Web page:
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Computerized and Mailed Reminders in Increasing the Rate of Colorectal Cancer Screening in Adults With an Average Risk for Colorectal Cancer

This study has been completed.
Sponsor:
Collaborator:
Information provided by:
National Cancer Institute (NCI)
ClinicalTrials.gov Identifier:
NCT00355004
First received: July 19, 2006
Last updated: December 18, 2013
Last verified: January 2007

July 19, 2006
December 18, 2013
March 2005
Not Provided
Rate of colorectal cancer screening [ Designated as safety issue: No ]
Not Provided
Complete list of historical versions of study NCT00355004 on ClinicalTrials.gov Archive Site
  • Number of patients with adenomatous polyps and colon cancer diagnosed [ Designated as safety issue: No ]
  • Number of stool cards returned and abnormal stool cards [ Designated as safety issue: No ]
  • Number and dates of sigmoidoscopies and colonoscopies scheduled and performed [ Designated as safety issue: No ]
Not Provided
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Computerized and Mailed Reminders in Increasing the Rate of Colorectal Cancer Screening in Adults With an Average Risk for Colorectal Cancer
Improving Systems for Colorectal Cancer Screening

RATIONALE: Screening may help doctors find colorectal cancer sooner, when it may be easier to treat. Computerized and mailed reminders may help increase the rate of colorectal cancer screening in adults with an average risk for colorectal cancer.

PURPOSE: This randomized clinical trial is studying how well computerized and mailed reminders work in increasing the rate of colorectal cancer screening in adults with an average risk for colorectal cancer.

OBJECTIVES:

Primary

  • Determine whether rates of colorectal cancer (CRC) screening can be increased among average-risk adults by using patient-specific, active, electronic, clinical reminders for primary care physicians during office visits and mailed reminders and fecal occult blood test cards for patients.

Secondary

  • Calculate baseline rates of CRC screening, in terms of patient demographic characteristics, primary care physician, and practice group, by using computerized clinical information systems to identify patients due for screening.
  • Assess baseline rates of CRC screening among patients insured by different health plans.
  • Determine whether the impact of the interventions is related to efforts by health plans to promote CRC screening.
  • Evaluate patients' willingness to use a validated web-based tool to estimate their personal risk of CRC.

OUTLINE: This is a randomized, controlled study. Patients are randomized to 1 of 2 arms (arms I or III). Physicians are randomized to 1 of 2 arms (arms II or IV).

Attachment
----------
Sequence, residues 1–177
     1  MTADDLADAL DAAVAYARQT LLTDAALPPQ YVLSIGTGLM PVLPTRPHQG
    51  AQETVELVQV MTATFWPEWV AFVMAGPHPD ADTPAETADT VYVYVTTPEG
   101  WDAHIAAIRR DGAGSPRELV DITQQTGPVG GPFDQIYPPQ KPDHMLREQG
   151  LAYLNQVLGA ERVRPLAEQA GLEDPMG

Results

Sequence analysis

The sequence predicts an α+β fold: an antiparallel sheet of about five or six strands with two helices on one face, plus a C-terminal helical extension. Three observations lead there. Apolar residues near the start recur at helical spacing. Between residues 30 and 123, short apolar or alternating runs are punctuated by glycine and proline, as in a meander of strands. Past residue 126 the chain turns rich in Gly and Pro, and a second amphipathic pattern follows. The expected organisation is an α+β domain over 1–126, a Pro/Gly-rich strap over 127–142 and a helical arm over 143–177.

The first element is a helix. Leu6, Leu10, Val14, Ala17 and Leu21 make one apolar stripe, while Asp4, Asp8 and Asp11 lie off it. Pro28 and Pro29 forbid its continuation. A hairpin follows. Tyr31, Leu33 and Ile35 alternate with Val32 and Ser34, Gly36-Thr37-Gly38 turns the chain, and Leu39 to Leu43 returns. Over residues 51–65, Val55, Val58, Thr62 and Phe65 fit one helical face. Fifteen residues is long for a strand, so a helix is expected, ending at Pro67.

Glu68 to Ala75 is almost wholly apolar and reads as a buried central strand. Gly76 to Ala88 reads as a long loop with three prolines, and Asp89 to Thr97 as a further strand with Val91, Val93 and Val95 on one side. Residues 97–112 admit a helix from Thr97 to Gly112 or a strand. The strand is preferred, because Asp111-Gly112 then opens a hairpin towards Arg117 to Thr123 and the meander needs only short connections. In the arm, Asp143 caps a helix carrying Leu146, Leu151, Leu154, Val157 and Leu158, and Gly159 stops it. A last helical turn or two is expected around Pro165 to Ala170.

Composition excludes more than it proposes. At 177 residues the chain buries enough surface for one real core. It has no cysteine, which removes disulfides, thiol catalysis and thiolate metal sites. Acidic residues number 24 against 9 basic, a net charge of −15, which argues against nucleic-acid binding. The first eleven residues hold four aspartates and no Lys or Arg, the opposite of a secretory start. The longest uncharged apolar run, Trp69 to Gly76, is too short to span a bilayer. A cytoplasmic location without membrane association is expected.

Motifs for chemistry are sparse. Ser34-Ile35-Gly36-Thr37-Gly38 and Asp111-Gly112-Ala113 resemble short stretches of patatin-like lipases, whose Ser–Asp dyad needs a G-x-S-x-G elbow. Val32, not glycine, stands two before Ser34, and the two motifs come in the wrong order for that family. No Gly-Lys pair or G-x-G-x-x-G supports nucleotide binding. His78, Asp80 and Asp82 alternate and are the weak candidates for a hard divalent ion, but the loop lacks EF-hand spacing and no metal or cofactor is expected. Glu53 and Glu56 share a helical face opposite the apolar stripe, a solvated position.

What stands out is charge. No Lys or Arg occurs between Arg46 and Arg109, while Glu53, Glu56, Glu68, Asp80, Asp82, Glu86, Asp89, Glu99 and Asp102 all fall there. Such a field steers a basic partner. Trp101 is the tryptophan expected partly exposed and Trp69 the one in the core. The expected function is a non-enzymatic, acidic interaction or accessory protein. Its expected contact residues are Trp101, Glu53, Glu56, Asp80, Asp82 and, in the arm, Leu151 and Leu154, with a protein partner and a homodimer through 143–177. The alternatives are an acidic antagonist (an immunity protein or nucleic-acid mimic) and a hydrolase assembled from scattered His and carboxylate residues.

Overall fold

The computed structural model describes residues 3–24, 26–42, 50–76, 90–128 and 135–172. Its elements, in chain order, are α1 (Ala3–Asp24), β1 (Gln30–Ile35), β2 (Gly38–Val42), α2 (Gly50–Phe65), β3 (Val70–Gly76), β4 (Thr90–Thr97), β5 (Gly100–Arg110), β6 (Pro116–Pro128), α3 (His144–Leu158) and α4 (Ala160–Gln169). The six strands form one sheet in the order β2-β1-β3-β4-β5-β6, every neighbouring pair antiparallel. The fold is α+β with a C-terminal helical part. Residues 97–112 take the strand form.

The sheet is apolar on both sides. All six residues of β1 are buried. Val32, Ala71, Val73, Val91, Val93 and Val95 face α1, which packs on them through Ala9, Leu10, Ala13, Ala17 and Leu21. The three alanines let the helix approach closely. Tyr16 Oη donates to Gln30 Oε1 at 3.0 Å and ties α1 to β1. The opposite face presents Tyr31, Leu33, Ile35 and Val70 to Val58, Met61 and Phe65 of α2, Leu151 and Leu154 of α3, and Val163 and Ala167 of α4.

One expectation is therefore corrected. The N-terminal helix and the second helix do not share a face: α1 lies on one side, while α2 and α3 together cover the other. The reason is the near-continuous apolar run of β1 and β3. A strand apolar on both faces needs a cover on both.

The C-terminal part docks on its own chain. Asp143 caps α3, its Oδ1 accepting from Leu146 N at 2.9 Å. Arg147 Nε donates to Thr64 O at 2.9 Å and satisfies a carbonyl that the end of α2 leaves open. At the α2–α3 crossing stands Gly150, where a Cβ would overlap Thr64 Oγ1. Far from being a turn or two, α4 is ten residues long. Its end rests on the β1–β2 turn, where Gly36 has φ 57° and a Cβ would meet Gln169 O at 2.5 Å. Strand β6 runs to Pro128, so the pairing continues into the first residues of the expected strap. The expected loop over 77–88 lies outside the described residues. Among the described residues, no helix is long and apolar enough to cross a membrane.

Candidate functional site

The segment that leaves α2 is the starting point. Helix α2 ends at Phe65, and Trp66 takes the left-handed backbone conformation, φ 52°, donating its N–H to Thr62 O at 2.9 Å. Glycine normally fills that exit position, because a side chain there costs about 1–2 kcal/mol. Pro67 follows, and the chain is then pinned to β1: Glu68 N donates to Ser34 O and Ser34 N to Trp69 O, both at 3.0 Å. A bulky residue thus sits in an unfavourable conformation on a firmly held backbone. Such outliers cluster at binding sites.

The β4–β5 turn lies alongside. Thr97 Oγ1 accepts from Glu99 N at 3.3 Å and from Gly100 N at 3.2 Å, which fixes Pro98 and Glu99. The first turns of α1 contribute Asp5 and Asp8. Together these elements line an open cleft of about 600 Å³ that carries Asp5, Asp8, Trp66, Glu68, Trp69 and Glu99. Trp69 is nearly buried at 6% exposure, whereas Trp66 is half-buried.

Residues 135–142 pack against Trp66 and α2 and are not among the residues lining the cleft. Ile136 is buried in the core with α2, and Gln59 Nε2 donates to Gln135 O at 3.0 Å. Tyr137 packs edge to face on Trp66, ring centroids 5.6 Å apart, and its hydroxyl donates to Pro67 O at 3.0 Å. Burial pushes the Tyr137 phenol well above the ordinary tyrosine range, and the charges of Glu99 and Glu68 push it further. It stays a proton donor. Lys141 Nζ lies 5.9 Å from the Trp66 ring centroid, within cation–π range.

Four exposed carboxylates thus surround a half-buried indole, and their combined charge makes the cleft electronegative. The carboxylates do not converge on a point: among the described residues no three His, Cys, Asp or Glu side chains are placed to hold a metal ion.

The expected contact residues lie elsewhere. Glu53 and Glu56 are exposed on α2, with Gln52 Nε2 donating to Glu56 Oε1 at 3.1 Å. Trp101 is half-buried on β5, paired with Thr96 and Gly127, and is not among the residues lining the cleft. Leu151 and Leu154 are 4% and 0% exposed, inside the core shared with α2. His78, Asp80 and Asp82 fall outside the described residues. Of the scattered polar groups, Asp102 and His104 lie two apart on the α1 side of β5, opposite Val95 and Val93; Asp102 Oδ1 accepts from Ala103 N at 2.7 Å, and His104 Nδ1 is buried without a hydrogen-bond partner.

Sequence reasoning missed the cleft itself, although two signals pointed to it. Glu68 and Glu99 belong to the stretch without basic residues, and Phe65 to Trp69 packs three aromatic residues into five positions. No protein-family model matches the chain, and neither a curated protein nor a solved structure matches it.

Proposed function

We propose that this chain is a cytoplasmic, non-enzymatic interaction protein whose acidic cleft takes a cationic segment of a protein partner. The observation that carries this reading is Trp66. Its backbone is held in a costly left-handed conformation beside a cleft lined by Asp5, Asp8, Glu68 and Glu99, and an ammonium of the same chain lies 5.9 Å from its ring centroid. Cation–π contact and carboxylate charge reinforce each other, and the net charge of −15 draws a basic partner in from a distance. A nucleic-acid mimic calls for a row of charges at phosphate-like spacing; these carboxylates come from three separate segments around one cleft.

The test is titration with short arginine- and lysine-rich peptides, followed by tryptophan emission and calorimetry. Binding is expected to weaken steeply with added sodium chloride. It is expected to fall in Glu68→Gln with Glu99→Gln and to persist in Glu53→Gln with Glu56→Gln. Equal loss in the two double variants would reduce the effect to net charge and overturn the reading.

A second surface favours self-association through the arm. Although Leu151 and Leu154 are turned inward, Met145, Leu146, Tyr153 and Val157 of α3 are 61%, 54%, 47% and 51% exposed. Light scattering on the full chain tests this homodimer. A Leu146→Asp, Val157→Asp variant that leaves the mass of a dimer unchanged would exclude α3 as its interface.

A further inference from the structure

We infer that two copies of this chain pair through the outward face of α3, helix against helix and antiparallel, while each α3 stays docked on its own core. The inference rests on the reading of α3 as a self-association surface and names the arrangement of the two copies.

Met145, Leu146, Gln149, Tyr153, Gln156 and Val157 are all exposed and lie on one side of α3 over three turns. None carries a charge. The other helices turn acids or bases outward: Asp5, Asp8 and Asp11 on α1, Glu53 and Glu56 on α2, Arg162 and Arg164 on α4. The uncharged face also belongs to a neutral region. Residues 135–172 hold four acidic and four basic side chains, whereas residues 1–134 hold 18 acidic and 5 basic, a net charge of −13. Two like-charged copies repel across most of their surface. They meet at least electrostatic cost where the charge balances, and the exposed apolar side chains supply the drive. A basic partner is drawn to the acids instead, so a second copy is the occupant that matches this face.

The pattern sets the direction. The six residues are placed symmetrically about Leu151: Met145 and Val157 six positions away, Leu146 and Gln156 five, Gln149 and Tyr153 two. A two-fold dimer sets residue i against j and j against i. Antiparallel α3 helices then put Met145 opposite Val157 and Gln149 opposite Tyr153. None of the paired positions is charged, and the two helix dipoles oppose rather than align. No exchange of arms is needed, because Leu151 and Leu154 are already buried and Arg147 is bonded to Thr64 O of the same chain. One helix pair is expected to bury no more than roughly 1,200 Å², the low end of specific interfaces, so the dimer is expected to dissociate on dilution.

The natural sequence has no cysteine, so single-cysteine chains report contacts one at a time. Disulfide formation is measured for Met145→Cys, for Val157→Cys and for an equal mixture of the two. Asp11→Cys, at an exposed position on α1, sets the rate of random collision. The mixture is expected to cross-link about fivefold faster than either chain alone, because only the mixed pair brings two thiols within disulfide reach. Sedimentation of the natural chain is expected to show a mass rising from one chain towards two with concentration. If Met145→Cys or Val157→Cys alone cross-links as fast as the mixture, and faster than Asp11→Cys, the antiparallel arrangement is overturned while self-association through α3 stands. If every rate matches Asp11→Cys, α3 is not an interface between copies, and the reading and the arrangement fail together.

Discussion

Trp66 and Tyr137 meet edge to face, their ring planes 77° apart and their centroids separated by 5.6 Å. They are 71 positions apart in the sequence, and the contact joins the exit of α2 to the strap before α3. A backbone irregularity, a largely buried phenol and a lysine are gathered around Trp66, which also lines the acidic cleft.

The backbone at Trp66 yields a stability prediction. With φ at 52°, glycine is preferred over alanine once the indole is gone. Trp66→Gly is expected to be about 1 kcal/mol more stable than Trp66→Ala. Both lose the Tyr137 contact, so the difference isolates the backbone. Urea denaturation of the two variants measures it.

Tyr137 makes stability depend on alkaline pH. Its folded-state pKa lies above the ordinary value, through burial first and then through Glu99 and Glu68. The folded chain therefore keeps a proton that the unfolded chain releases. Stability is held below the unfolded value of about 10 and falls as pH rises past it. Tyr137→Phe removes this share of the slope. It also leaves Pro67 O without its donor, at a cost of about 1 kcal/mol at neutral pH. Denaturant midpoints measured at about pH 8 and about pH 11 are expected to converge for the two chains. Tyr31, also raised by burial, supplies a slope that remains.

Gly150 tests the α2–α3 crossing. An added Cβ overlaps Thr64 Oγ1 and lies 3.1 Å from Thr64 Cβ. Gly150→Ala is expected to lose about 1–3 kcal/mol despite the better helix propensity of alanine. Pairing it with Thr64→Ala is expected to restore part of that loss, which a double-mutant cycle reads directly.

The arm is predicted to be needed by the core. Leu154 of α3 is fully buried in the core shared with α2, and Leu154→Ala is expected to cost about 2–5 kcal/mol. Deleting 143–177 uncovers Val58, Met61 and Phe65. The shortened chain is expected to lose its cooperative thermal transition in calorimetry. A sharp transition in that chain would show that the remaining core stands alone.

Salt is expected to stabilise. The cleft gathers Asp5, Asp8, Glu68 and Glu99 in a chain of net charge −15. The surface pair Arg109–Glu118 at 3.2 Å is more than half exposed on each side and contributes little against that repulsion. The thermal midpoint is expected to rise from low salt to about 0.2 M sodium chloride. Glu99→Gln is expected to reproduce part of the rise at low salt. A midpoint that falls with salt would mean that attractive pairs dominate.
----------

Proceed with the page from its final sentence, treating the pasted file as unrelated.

• Arm I: Patients receive mailed reminders for colorectal cancer (CRC) screening. Patients also receive fecal occult blood testing (FOBT) instructions and cards. Patients who remain overdue for screening at 6 months after the initial mailing receive a follow-up letter reminding them of their need to be screened. Patients who return positive FOBT cards undergo colonoscopy within 1 month. The patient's primary care physician may receive computerized screening reminders at the time of the patient's office visit and may order CRC screening tests online.
  • Arm II: Patients receive no mailings. The patient's primary care physician may receive computerized screening reminders at the time of the patient's office visit and may order CRC screening tests online.
  • Arm III: Patients receive mailed reminders for CRC screening. The patient's primary care physician may order CRC screening tests online, but will not receive active computerized reminders. Patients also receive FOBT instructions and cards. Patients who remain overdue for screening at 6 months after the initial mailing receive a follow-up letter reminding them of their need to be screened. Patients who return positive FOBT cards will be scheduled to undergo colonoscopy within 1 month.
  • Arm IV: Patients receive no mailings. The patient's primary care physician may order CRC screening tests online, but will not receive active computerized reminders.

Patients are followed for 15 months to determine screening rates.

PROJECTED ACCRUAL: A total of 21,860 patients will be accrued for this study.

Interventional
Not Provided
Allocation: Randomized
Primary Purpose: Screening
Colorectal Cancer
  • Other: counseling intervention
  • Procedure: fecal occult blood test
  • Procedure: screening colonoscopy
Not Provided
Sequist TD, Zaslavsky AM, Marshall R, Fletcher RH, Ayanian JZ. Patient and physician reminders to promote colorectal cancer screening: a randomized controlled trial. Arch Intern Med. 2009 Feb 23;169(4):364-71.

*   Includes publications given by the data provider as well as publications identified by ClinicalTrials.gov Identifier (NCT Number) in Medline.
 
Completed
21860
February 2009
Not Provided

DISEASE CHARACTERISTICS:

  • Receiving primary care at 1 of 11 participating Harvard Vanguard Medical Associates (HVMA) centers

    • Has an active primary care physician
    • Had a primary care visit within the past 18 months
  • Is due for colorectal cancer screening

PATIENT CHARACTERISTICS:

  • Not specified

PRIOR CONCURRENT THERAPY:

  • Not specified
Both
50 Years to 80 Years
Yes
Contact information is only displayed when the study is recruiting subjects
United States
 
NCT00355004
CDR0000486405, HMS-M11960-103, HCHP-1305
Not Provided
Not Provided
Harvard Medical School
National Cancer Institute (NCI)
Study Chair: John Ayanian, MD, MPP Harvard Medical School
Investigator: Robert H. Fletcher, MD Harvard Pilgrim Health Care
National Cancer Institute (NCI)
January 2007

ICMJE     Data element required by the International Committee of Medical Journal Editors and the World Health Organization ICTRP